RINY: Who, if anybody, would you love to photograph and what would those pictures look like? 

AB: I'm not a typical portrait photographer. Thus I don’t have a list of people who I’d like to photograph. But I’d love to meet the Alien designer H. R. Giger – and a photo shooting could be the ideal occasion.  



H.R. Giger source via Authentic Society


RINY: What are three books everybody should read and why? 

1. Dante’s “Divine Comedy”
(Surely one of the most influential works of world literature)

2. H.P. Lovecraft’s “The Call of Cthulhu”
(Lovecraft created with his Cthulhu Mythos not only a great classic horror tale but also a whole universe of fear) 

3. Clive Barker’s “Books of Blood” series
(As Stephen King once said “The Future of Horror”) 



RINY: What are three albums everybody should listen to and why?  

1. Rachmaninoff plays Chopin (best classical record)
2. Aphex Twin “Selected Ambient Works 85–92” (best electronic album)
3. Ulver “Shadows of the Sun” (best combination of classical and electronic music) 




RINY: What are three movies everybody should see and why? 

1. “Lucifer Rising” (Kenneth Anger’s short film is my personal benchmark for occult movies. The majestic pictures create in combination with Bobby Beausoleil’s soundtrack an unforgettable experience. Definitely a must-see for all people who are interested in video art.)  

2. “L’Inferno” (A great adaption of Dante’s Divine Comedy. The film was created 100 years ago and it still looks amazing. Especially the famous scene where Satan is eating the human bodies.)

3. “Texas Chainsaw Massacre” (The 1974 movie by Tobe Hooper is simply the greatest horror film of all time. Leatherface has become a true icon of the whole backwoods slasher genre.)

RINY: What other artist or photographer’s body of work do you most admire? 

AB: I deeply admire the oeuvre of Norwegian illustrator and painter Theodor Kittelsen. He lived from 1857 to 1914 and you can easily feel his close connection to nature in all of his works. Most of you may know his fairy tale drawings and his illustrations of trolls. But he also had a very dark side. Especially his book “Svartedauen” (The Black Death) is full of sinister creatures and it’s not by accident that Black Metal bands use his works as album art. This year I am going to spend a few weeks in Norway just to visit some of the places where he had worked and lived.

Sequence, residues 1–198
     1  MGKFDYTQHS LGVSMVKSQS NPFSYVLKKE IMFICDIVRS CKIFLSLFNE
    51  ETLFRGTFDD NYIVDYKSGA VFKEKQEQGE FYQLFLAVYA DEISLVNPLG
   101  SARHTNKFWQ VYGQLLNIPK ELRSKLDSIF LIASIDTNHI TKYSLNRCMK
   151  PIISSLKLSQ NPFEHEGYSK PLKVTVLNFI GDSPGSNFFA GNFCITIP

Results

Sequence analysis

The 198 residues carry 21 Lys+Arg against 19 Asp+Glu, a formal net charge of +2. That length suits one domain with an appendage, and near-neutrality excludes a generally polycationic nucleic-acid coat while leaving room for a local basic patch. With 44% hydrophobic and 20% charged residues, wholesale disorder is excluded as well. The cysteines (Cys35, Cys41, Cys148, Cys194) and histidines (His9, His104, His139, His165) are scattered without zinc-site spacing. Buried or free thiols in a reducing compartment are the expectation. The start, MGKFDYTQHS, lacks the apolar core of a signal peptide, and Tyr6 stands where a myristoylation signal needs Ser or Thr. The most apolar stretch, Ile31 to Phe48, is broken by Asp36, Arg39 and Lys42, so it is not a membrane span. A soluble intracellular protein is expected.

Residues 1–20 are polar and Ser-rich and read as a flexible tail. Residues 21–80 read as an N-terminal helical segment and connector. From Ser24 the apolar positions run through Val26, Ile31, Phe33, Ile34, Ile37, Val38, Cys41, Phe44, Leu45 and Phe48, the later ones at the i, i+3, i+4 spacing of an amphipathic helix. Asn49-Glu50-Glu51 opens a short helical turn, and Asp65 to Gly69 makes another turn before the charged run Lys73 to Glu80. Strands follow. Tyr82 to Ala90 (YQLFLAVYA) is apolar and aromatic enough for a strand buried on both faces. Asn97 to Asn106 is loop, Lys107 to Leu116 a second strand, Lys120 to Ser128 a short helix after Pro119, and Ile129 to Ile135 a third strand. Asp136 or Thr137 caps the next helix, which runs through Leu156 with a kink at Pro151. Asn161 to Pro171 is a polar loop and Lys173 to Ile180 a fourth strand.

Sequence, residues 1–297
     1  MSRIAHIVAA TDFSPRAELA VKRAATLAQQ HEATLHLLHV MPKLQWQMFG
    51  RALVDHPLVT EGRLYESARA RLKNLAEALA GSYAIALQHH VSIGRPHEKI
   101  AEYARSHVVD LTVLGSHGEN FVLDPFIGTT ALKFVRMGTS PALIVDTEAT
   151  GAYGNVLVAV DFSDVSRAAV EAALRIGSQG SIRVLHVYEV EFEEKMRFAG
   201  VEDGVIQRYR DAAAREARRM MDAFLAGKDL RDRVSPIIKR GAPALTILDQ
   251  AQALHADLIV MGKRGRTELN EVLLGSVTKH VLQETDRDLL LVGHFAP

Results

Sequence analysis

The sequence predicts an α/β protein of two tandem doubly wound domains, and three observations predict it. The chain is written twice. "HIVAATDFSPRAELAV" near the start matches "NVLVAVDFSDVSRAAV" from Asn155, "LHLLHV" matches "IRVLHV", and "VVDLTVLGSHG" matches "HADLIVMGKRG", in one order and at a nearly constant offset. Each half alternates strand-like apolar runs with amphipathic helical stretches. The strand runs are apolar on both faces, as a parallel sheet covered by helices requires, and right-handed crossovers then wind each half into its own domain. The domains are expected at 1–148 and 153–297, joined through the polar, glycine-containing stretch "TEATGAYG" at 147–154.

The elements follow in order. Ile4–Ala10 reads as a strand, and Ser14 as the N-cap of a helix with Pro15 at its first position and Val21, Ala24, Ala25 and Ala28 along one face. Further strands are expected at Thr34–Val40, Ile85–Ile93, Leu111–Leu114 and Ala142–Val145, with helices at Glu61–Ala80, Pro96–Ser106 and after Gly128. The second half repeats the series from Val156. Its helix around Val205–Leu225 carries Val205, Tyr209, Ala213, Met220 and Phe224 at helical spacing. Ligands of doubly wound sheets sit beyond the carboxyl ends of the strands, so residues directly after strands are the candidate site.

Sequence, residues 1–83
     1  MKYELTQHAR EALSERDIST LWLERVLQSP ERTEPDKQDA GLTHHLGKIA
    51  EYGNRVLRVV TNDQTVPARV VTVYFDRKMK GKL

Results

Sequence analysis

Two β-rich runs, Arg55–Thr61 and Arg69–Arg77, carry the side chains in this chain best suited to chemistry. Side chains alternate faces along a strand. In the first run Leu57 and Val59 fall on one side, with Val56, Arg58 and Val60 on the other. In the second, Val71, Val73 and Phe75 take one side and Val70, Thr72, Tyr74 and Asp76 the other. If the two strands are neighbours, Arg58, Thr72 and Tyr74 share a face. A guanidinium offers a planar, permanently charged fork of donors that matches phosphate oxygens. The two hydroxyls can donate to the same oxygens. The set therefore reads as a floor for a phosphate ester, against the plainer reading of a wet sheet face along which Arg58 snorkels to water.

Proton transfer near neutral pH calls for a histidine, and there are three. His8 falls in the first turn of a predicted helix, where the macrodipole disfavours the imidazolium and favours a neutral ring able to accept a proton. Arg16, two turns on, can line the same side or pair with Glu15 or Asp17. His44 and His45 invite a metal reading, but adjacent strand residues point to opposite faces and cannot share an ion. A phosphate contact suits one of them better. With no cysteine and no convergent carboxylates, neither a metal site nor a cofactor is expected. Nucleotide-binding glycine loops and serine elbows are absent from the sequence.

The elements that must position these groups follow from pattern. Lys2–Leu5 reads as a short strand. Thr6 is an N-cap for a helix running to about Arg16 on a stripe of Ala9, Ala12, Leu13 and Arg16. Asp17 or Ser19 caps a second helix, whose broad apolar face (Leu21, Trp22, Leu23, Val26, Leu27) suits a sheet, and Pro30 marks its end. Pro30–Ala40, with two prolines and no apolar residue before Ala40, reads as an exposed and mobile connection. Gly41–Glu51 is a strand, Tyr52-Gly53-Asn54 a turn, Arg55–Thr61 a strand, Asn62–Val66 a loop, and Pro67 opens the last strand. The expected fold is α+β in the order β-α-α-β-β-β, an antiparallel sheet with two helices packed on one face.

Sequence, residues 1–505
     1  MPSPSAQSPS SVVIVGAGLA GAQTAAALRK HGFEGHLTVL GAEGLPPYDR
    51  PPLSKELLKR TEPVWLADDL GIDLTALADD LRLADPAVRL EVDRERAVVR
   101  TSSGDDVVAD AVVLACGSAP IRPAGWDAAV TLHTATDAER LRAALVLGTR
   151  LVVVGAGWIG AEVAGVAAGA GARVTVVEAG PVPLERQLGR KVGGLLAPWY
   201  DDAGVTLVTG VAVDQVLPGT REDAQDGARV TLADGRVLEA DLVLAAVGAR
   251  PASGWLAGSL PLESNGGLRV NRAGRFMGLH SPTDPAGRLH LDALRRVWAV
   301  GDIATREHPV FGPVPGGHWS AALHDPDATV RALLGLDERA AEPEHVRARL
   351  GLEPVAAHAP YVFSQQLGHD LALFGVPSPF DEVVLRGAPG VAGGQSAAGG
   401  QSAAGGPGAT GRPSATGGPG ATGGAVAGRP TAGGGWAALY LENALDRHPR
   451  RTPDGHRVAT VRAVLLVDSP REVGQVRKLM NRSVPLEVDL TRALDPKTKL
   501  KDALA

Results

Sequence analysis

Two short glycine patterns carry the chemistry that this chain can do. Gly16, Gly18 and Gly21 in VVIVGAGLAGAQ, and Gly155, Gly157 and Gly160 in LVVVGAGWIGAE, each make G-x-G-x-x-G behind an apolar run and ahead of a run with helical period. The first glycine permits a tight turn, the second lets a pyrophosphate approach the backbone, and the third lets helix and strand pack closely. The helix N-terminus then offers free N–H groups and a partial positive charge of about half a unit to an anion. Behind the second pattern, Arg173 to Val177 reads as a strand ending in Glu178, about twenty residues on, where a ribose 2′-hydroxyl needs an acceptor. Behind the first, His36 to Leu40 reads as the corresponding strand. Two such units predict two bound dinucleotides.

RINY: A lot of your work has creepy undertones, but is there a funny story behind any of these images?

AB: I had some funny encounters with hikers during the production of “Maleficium”. Most of the photos were made in the Black Forest ¬– and some of them not too far away from famous hiking trails. I remember a situation when my masked protagonist stood right in the middle of a picturesque wood glade when suddenly a group of senior hikers appeared. The whole group was completely flabbergasted. And it was a tough piece of work for me to explain to them that a goat-headed psychopath has something to do with art & photography.



RINY: Aesthetically where is your work going in the future? 

AB: I don’t have an aesthetic masterplan for the future, but at the moment the works of the symbolist art movement fascinate me – with painters like Arnold Böcklin, Edvard Munch or Odilon Redon. I am just starting to discover their philosophy, their aesthetics and their techniques. I guess this fascination for the symbolists and my growing passion for images from the early days of photography may have a strong visual influence on my future work.


Arnold Bocklin
edvard munch

odilon redon

RINY: What are some images that have inspired you?